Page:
A hesitater is someone who has one foot on the gas and the other on the break. You are a learner. You are a perfectionist. You want to get everything just right, and that keeps you from getting started. You struggle to get started with a new project, but are an excellent student and open to new ideas. No one is just a Hesitater. When you take your foot off the break, you’ll slip into one of the other archetypes, even though you will always be a Hesitater, too.Take a look at your secondary archetype for more insight into your writing style.If you're a Hesitater, know that you're always going to have to combat your natural tendency to find reasons not to write. Your perfectionism will get in the way. You need a system to help you get over the hump between not-writing and writing. Tiny goals and a writing accountability partner - another writer who will hold you to your goals - are a good start.Click the button below to get the support you need to actually get your work out into the world.
A Skipper is a writer whose happy place is having an assignment. Skippers often are journalists or work for publications. You might struggle with coming up with ideas for what to write, when you don't have an assignment.You are usually very good with discipline and finishing what you start, as long as you have a solid deadline. It’s difficult for you to find motivation, if you’re not clear on how you’ll be paid for your work. If you're a Skipper, then you can stop feeling guilty for not wanting to do work that you're not paid for. Lean into your business skills and build a writing career that pays the bills. You need a system to help you find those jobs and treat your work like the business that it is. Self-imposed deadlines will help.Click the link below to learn how to make a living with your writing.
A Spiller is a confessional writer. As an inward-facing writers, you excel at storytelling. Your writing often is very cathartic and healing - for you and your reader. You tend to niche easily, writing deeply on the same handful of topics. You sometimes struggle with remembering to invite your readers into your work. You are exceptionally good at being authentic and vulnerable.If you're a Spiller, then you can stop trying to write listicles and how-to posts. They aren't your thing. Your authenticity is your shining light. You need a system for remembering to invite your reader into your work. Start by creating an avatar for your ideal reader - an invented reader who you're writing for.Click the link below to learn how to turn your incredible storytelling skills into a writing career.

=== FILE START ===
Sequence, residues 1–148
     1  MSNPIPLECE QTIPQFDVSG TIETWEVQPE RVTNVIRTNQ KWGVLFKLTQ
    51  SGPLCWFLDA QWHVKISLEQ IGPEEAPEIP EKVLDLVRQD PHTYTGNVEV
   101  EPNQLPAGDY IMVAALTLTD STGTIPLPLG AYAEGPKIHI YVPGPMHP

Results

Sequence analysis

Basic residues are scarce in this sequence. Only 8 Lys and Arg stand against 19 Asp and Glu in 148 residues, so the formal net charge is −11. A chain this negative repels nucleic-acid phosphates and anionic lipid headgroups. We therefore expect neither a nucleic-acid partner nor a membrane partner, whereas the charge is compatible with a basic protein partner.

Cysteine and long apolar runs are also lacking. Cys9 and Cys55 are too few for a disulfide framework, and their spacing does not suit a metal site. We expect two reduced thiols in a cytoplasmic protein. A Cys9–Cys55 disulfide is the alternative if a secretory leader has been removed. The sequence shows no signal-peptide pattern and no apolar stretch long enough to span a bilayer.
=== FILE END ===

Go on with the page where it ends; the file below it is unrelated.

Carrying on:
A Teacher is a writer who, not surprisingly, writes to teach. You are inundated by ideas - your own and other people's. You are an outward-facing writer who would most likely not do your work if you didn't have readers. You are great with starts, but struggle to finish.If you're a Teacher, then you can stop trying to write highly personal essays that don't feel natural to you. That's not your strong suit. You are an idea person and sharing those ideas is where you blossom as a writer. You need a system for capturing those ideas and sticking with one long enough to finish it. Try keeping an idea notebook and rewarding yourself for finishing one project by allowing yourself to explore another.Click the link below to learn how to grow your audience so you can make a career out of sharing your ideas.
Artists are writers who have a top-level goal of creating beautiful work. Nothing matters more to you.You tend to have a single idea at a time and work on it with single-mindedness until it's complete. You tend to be good with having a smaller number of readers, as long as those readers appreciate your art. You struggle with writer's block more often than other writers, but are absolutely dedicated to learning your craft.If you're an Artist, then you can stop feeling like you have to be anything else. You have goals that go beyond how many copies you sell or readers you have. You are really good at sticking with an interesting idea until it's finished, with such single-mindedness that it can seem like you'll never have another one again. You need a system for combating writer's block. Start with a teeny, tiny goal. Write for ten minutes a day, even when your muse isn't cooperating.Click the link below to join an incredible community and get the suppor you need while you learn your craft.